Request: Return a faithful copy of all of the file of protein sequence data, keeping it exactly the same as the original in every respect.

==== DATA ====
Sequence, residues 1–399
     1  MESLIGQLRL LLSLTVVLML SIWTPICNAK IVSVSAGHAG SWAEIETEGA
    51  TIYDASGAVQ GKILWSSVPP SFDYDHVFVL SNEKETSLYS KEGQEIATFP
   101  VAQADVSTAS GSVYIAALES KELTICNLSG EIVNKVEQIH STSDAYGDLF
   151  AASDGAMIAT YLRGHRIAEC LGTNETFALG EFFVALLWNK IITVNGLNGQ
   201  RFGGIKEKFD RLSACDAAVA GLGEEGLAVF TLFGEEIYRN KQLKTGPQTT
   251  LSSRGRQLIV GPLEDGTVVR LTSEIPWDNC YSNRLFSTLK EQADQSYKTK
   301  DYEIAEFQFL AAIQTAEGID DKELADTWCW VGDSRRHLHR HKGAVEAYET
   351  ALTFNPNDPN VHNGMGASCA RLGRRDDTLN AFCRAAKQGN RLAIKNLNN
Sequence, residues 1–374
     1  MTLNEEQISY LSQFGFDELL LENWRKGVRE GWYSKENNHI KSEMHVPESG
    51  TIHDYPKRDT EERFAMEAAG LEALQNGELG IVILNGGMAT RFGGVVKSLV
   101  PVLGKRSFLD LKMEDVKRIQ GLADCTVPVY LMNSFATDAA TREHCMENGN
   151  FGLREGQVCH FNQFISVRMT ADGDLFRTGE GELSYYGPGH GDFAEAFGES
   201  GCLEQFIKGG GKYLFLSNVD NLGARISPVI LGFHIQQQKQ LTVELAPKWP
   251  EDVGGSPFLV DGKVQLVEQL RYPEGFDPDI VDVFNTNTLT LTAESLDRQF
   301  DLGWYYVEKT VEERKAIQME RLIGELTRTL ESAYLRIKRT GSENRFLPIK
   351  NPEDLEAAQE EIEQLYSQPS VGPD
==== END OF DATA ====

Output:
Sequence, residues 1–399
     1  MESLIGQLRL LLSLTVVLML SIWTPICNAK IVSVSAGHAG SWAEIETEGA
    51  TIYDASGAVQ GKILWSSVPP SFDYDHVFVL SNEKETSLYS KEGQEIATFP
   101  VAQADVSTAS GSVYIAALES KELTICNLSG EIVNKVEQIH STSDAYGDLF
   151  AASDGAMIAT YLRGHRIAEC LGTNETFALG EFFVALLWNK IITVNGLNGQ
   201  RFGGIKEKFD RLSACDAAVA GLGEEGLAVF TLFGEEIYRN KQLKTGPQTT
   251  LSSRGRQLIV GPLEDGTVVR LTSEIPWDNC YSNRLFSTLK EQADQSYKTK
   301  DYEIAEFQFL AAIQTAEGID DKELADTWCW VGDSRRHLHR HKGAVEAYET
   351  ALTFNPNDPN VHNGMGASCA RLGRRDDTLN AFCRAAKQGN RLAIKNLNN
Sequence, residues 1–374
     1  MTLNEEQISY LSQFGFDELL LENWRKGVRE GWYSKENNHI KSEMHVPESG
    51  TIHDYPKRDT EERFAMEAAG LEALQNGELG IVILNGGMAT RFGGVVKSLV
   101  PVLGKRSFLD LKMEDVKRIQ GLADCTVPVY LMNSFATDAA TREHCMENGN
   151  FGLREGQVCH FNQFISVRMT ADGDLFRTGE GELSYYGPGH GDFAEAFGES
   201  GCLEQFIKGG GKYLFLSNVD NLGARISPVI LGFHIQQQKQ LTVELAPKWP
   251  EDVGGSPFLV DGKVQLVEQL RYPEGFDPDI VDVFNTNTLT LTAESLDRQF
   301  DLGWYYVEKT VEERKAIQME RLIGELTRTL ESAYLRIKRT GSENRFLPIK
   351  NPEDLEAAQE EIEQLYSQPS VGPD